Filmmaker Tom Gustafson and his frequent screenwriting collaborator Cory Krueckeberg (2008’s Were the World Mine and others) definitely had their work cut out for them with their ambitious, but flawed, film adaptation of John Michael LaChiusa’s non-traditional off-Broadway musical Hello Again (The Orchard / Speak), now available on DVD. Based on Arthur Schnitzler’s 1897 play La Ronde, LaChiusa is not the first playwright to have his way, so to speak, with the original play’s overt themes of uninhibited sexuality.
Opening in what looks like the near future, Hello Again begins with Ruth (Martha Plimpton) in a cozy peepshow setting where she swipes a credit card and begins her quest for lost loves, guided along by masked and shirtless Leocadio (Sam Underwood). The first stop is 1901, where hot and horny soldier Les (Nolan Gerard Funk) hooks up with a cross-dressing singing prostitute. In 1944, an ageless Les is getting drunk at a USO dance. There he meets nurse Marie (Jenna Ushkowitz) for a little R&R (ramming and release) and a song.
Looking as if no time has passed at all, the 1967 version of Marie is still in the healthcare biz. This time she’s caring for Alfred (Al Calderon), a privileged college student nursing a sprained ankle. In case you haven’t noticed the established pattern, they have sex and sing to each other. Next, we are transported back in time to 1929 where Al is having an affair with married woman Emily (Rumer Willis). Their usual meeting place is a movie palace where, you guessed it, they have a sexual encounter (and sing).
The 1956 version of Emily is worried that husband Carl (TR Knight) is tired of her. Rightfully so, since he’s more concerned with making it to the opera on time than making time with his wife. On the Titanic, in 1912, Carl lures younger Jack (Tyler Blackburn), who is stuck in third class, to his stateroom. Carl, aware that the ship has hit an iceberg, doesn’t let such a detail get in the way of his pursuit of the young man. Like the Titanic, this segment doesn’t end well.
The Jack of 1976 is a disco twinkie who hooks up with self-absorbed auteur Robert (Cheyenne Jackson) for a night of gay passion back at the filmmaker’s pad. Not making movies anymore, but still creative, the 2002 Robert is trying to resuscitate the career of diva Sally (Audra McDonald). He’s convinced her to return to the recording studio to make a dance music record to attract some new fans. Of course, the song was written by Robert. But Sally’s not happy with the auto-tune voice manipulation and is on the verge of calling it quits. Robert and Sally have both a professional and romantic history, making for an opportunity for them to have sex in the studio.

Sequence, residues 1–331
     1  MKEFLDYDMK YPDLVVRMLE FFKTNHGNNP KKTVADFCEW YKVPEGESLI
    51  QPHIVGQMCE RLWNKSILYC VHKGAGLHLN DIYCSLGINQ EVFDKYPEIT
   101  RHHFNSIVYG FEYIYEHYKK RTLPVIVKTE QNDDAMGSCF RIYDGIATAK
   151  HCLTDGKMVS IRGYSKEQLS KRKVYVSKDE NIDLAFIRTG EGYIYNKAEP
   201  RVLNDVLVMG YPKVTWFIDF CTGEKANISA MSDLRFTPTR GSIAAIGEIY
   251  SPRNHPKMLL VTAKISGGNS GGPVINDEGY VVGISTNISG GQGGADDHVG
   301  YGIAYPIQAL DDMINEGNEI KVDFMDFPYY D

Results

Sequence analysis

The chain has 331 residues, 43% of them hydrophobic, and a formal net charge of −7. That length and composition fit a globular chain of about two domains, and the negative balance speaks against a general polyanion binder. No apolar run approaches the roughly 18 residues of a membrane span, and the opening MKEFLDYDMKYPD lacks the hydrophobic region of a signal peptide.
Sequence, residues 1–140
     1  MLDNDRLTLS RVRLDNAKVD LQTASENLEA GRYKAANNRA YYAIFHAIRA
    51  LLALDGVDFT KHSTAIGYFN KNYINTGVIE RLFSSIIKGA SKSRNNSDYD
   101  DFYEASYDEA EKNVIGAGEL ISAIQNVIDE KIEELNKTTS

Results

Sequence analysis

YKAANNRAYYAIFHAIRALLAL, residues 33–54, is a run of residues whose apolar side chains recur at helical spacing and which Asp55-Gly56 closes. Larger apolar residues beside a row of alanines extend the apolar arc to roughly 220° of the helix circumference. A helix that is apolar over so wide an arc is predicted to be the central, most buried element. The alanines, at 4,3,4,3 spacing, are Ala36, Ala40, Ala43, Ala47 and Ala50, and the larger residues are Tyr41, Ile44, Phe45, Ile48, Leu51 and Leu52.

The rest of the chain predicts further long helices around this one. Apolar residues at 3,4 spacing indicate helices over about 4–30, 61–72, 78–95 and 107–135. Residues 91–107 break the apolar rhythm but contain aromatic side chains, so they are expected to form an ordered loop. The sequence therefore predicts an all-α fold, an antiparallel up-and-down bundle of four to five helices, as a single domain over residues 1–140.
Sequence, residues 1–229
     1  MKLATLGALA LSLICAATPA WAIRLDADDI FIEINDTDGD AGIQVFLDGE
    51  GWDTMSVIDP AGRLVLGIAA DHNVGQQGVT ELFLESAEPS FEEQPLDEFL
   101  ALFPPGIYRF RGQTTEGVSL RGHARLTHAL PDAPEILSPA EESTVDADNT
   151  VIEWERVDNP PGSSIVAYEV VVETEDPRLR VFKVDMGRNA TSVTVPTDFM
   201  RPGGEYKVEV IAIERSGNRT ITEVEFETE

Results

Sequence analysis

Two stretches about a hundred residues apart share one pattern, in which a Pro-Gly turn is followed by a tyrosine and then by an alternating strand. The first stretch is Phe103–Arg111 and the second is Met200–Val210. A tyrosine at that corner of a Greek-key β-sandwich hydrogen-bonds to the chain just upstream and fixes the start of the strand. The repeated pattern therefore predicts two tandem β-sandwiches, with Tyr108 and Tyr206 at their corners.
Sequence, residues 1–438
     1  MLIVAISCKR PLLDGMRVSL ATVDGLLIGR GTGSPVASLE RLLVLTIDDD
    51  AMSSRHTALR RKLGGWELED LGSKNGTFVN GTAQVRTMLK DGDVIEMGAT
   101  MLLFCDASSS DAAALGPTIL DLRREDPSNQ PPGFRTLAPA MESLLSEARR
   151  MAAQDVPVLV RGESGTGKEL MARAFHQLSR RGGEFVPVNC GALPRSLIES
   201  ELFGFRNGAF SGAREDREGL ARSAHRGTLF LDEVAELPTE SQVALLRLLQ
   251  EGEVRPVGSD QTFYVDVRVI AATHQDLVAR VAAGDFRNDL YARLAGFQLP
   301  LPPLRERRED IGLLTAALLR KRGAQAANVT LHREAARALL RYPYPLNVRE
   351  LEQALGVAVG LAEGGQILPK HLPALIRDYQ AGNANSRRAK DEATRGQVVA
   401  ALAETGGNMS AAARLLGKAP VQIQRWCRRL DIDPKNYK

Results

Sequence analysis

As we’re about to come full-circle, we are given a glimpse of Sally’s 1989 affair with a closeted female senator named Ruth (played by, you guessed it, Plimpton). Of course, their love can’t be made public and so both women end up alone and unfulfilled.
In addition to sex, lovers being cruel to each other, especially the men to the women, is another theme that runs through this complicated, non-linear musical. Gustafson does an admirable job of bringing it to screen in that he makes it look good. But, if you loved Were The World Mine (as I did), you will surely be disappointed by Hello Again.
If all of this sounds like too much, consider taking a listen to Hello Again: Original Motion Picture Soundtrack (Broadway Records). You won’t have the visuals (think Jackson’s butt, Funk’s abs and all of Underwood’s body), but you will still get to hear the songs, including dancefloor-ready “Beyond The Moon,” sung by McDonald.
Gregg Shapiro is the author of Fifty Degrees (Seven Kitchens, 2016), selected by Ching-In Chen as co-winner of the Robin Becker Chapbook Prize. Other books by Shapiro include the short story collections How to Whistle (Lethe Press, 2016) and Lincoln Avenue (Squares and Rebels Press, 2014), the chapbook GREGG SHAPIRO: 77 (Souvenir Spoon Press, 2012), and the poetry collection Protection (Gival Press, 2008).
He has work forthcoming in the anthology Reading Queer: Poetry in a Time of Chaos (Anhinga Press, 2018). An entertainment journalist, whose interviews and reviews run in a variety of regional LGBT and mainstream publications and websites, Shapiro lives in Fort Lauderdale, Florida with his husband Rick and their dog Coco.
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